• Should Chippy hold a citizens assembly, to devise measures that work for all?

  • Can we come together on a timely local strategy for this?

There’ll be a short address from Oxford climate modelling expert Karsten Haustein, a platform for some local youngsters to express concerns and wishes for their future, a Q&A and brief group discussions to review our thoughts and feelings. Come and share your ideas and views!

If any queries, email

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TCN’s new Plastics Action group

Concern about the harmful consequences of our waste is very topical today; almost daily we see new studies showing the level and impacts of waste plastics in the land and marine ecosystems which provide our food and sustain our lives in many other ways.

To thrive in the 21st century, we need to move promptly from a ‘consume and throw’ society into a Caring Circular economy, which re-uses all our precious resources in more efficient and effective ways.

Plastics have given great benefits, such as fresh hygenic storage of products, and lightweight, durable articles that use less energy over their lifetime.

But it’s now becoming clear that indiscriminately consuming and throwing away materials is causing all kinds of problems, and we need to quickly move to a Circular Economy, where resources are re-used more effectively.

Progress is quite challenging, since current alternatives may even be worse; for example conventionally grown cotton has a very harmful ecological footprint involving pesticide, energy and water consumption, and even compostable plastics have a high processing footprint.

We need better understanding and action at all levels, including our own families and communities. Transition Chipping Norton has started a Plastics Action group, where we work together to share inspiration and encouragement on how we each can best improve, signpost people to useful sources and resources, and discuss with and persuade local retailers, cafes and pubs to give better options and more responsible practices.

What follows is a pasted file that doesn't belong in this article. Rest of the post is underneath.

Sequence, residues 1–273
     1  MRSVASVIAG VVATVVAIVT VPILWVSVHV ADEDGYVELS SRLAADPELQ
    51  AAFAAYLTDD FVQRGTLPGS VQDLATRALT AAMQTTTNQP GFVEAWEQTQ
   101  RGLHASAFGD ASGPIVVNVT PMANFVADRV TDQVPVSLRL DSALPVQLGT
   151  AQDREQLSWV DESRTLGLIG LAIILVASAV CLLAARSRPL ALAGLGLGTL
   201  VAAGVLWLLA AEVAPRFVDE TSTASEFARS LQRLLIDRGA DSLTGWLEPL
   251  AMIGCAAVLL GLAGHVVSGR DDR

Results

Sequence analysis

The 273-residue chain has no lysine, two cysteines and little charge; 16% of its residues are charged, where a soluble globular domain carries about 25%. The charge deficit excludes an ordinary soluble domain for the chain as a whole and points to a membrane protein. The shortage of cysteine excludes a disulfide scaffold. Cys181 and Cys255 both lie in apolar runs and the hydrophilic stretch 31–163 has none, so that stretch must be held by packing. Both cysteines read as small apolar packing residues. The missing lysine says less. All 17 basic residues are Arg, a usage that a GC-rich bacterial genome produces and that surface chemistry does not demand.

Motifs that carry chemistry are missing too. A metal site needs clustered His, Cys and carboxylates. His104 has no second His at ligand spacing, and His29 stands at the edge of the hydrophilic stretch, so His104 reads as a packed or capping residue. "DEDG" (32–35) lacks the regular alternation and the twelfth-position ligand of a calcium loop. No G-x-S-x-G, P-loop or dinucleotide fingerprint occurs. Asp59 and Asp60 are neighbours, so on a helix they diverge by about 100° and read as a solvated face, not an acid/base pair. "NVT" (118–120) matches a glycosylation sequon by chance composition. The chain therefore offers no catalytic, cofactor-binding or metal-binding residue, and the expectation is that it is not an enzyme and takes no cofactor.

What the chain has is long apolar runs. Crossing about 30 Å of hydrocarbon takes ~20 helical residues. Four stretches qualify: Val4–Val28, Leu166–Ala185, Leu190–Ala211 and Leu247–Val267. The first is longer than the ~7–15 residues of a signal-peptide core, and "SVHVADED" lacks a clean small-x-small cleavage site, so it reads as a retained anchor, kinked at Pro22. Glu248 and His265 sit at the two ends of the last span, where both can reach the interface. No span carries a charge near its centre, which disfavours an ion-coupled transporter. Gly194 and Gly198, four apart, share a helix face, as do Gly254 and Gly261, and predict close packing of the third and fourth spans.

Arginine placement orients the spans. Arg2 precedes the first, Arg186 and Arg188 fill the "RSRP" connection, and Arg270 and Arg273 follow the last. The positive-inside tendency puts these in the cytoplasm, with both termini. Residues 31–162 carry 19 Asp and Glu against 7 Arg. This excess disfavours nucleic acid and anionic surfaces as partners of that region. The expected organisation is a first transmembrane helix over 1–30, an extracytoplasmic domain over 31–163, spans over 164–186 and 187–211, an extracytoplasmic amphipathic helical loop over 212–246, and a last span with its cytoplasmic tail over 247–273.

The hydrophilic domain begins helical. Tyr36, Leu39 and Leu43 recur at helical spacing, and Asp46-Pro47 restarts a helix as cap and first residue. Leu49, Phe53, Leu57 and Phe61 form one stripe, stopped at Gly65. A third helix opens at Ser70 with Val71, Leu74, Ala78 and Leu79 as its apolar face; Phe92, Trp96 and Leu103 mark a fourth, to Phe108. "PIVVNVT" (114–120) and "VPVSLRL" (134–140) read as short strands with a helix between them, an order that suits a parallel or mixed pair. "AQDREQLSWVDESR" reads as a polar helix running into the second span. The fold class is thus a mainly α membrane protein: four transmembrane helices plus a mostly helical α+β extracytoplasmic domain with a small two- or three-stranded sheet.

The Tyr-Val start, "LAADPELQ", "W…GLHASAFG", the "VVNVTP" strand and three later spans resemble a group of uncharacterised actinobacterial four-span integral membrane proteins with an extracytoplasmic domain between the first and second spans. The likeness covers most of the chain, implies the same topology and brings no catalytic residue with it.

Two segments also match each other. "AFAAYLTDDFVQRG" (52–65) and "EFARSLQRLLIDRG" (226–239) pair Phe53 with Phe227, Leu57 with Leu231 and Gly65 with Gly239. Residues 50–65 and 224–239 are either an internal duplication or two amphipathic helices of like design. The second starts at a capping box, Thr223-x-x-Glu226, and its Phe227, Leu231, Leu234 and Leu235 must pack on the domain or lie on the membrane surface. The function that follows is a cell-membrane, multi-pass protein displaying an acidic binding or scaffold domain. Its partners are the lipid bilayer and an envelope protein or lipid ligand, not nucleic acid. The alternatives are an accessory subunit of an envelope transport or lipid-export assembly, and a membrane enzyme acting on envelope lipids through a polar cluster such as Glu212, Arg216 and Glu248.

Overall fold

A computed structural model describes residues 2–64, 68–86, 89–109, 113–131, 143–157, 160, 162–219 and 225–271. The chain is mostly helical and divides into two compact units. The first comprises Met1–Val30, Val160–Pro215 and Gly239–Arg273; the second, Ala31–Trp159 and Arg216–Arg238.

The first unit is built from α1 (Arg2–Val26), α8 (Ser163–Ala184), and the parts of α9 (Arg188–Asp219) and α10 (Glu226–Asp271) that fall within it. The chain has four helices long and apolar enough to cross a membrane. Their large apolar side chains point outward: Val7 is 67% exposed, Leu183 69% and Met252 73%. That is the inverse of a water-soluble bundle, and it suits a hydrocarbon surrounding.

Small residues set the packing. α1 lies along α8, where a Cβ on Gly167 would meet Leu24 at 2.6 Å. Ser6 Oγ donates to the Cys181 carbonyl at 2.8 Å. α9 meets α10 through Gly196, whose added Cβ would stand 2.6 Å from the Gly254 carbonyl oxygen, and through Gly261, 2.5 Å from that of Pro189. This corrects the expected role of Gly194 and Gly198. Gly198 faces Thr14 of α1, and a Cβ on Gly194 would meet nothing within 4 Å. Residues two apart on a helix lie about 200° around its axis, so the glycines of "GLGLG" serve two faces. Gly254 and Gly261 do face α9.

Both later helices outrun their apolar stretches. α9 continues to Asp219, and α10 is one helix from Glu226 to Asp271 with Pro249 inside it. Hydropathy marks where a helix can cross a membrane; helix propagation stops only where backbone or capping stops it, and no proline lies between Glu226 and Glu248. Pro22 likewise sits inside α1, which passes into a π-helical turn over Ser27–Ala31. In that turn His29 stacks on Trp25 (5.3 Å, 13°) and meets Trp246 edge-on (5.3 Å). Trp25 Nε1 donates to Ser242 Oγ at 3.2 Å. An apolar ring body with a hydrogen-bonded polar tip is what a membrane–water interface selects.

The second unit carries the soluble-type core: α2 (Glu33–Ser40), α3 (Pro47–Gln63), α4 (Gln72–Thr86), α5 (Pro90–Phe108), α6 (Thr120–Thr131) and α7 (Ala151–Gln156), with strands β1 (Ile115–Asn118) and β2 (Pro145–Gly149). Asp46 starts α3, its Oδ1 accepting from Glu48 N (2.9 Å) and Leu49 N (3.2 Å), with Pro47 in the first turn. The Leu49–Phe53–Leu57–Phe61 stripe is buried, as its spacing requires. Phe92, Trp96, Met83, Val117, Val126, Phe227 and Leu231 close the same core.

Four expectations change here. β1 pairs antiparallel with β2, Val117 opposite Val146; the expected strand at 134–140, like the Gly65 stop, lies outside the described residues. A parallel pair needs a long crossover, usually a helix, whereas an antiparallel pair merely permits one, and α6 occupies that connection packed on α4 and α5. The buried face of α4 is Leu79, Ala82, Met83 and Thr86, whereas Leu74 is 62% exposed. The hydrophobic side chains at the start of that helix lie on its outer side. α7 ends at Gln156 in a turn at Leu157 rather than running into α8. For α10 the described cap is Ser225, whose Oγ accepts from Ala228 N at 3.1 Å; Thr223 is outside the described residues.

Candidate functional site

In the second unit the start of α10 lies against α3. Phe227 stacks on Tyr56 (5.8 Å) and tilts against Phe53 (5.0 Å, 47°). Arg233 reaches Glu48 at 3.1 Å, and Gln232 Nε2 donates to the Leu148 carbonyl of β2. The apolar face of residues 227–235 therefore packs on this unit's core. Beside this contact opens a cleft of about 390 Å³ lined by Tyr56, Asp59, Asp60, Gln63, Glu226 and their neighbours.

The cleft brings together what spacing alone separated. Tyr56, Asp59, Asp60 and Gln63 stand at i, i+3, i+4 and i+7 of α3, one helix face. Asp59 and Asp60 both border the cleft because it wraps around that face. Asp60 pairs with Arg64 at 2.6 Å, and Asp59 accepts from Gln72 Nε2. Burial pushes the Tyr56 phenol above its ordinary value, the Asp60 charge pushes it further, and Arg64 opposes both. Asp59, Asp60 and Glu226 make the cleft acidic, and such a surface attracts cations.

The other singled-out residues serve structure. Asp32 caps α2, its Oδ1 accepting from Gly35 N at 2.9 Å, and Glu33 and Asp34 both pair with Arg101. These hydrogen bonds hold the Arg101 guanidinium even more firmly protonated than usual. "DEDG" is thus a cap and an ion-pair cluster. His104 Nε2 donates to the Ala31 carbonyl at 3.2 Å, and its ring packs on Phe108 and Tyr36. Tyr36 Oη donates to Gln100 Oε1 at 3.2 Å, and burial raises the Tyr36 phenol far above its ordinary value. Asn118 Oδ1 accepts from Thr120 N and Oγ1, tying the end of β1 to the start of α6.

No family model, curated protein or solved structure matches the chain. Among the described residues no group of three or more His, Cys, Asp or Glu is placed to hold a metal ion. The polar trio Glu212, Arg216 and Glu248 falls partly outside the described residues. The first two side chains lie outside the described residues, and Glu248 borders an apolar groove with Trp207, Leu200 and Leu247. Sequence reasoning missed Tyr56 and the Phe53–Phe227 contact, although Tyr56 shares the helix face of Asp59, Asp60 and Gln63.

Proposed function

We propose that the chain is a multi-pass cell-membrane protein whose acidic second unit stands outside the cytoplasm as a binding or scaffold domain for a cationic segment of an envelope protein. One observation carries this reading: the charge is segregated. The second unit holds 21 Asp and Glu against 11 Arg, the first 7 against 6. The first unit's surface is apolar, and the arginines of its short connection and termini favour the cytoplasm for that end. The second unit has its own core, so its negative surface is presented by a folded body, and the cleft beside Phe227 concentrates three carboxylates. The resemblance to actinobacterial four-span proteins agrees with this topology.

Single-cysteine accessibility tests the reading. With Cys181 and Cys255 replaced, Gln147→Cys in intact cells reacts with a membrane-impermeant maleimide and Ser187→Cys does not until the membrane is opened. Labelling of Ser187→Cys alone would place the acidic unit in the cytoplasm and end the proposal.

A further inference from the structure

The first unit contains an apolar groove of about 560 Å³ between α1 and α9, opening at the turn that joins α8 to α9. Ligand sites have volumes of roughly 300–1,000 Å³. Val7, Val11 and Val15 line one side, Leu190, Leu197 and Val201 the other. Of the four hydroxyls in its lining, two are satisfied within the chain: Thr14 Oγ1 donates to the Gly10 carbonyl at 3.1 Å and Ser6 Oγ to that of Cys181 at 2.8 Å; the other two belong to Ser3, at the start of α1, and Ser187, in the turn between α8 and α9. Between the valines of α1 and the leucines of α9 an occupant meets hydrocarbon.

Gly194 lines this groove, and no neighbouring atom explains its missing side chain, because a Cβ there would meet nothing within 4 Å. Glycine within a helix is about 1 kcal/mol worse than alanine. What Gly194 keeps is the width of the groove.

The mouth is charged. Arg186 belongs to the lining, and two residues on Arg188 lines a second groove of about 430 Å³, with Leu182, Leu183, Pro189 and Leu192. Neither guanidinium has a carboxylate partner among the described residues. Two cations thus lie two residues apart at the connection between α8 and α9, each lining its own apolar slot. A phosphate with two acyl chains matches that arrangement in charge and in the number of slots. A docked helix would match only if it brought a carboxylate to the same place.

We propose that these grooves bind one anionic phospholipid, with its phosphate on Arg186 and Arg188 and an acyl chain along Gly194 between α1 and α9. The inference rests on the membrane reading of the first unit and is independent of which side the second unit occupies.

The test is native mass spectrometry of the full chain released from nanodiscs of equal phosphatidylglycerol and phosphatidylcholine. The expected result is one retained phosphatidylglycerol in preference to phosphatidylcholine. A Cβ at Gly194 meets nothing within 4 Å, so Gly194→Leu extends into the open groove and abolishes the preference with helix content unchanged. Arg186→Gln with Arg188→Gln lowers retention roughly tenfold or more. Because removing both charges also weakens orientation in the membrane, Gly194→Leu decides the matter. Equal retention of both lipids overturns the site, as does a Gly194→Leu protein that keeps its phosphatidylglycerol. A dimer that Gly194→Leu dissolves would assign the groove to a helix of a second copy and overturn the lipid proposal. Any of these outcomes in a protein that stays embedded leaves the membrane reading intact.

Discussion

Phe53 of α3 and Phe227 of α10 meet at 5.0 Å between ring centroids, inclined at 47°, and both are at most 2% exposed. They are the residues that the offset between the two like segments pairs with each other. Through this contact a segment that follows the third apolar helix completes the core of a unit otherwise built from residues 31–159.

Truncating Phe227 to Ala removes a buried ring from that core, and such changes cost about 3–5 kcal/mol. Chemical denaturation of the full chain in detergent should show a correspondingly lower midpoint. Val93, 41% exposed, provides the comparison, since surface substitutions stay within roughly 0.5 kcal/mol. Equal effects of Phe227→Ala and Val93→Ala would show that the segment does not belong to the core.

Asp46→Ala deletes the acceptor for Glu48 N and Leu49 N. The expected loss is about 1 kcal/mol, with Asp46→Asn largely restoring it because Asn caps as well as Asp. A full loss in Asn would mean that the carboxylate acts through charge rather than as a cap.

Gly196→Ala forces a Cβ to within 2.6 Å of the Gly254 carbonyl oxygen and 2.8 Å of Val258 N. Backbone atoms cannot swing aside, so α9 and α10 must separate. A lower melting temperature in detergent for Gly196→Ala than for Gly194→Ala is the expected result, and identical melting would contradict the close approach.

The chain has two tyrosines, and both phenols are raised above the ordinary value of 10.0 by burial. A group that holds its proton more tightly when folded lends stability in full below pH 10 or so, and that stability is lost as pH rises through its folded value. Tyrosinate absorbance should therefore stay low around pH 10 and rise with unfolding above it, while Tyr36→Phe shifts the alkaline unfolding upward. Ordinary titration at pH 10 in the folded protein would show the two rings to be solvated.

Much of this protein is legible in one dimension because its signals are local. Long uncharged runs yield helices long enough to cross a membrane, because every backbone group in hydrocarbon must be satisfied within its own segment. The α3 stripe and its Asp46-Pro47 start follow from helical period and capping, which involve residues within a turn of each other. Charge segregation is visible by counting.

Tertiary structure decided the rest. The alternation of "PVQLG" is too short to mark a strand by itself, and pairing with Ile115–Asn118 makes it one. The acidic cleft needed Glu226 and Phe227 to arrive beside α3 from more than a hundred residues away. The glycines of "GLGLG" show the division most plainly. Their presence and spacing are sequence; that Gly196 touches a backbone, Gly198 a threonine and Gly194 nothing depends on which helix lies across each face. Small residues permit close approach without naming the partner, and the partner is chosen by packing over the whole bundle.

Transition Chipping Norton has started a Plastics Action group, where we work together to share inspiration and encouragement; how we each can best improve, signpost people to useful sources and resources, discuss with and persuade local retailers, cafes and pubs to give better options and more responsible practices.

For more information or to join in, email, or visit or

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Welcome to Transition Chipping Norton

We are a community group for the Chipping Norton area, promoting and developing Local Solutions for Sustainable Communities – actions that help our local communities to thrive and be resilient in the face of challenges and changes to our climate, environment, economy and society. We recognise that it is our natural environment which sustains life in the long term, and we are committed to reducing our own adverse impacts on this environment.

You can find out more about our activities on these pages and on our Facebook page. Forthcoming events are also listed on Facebook.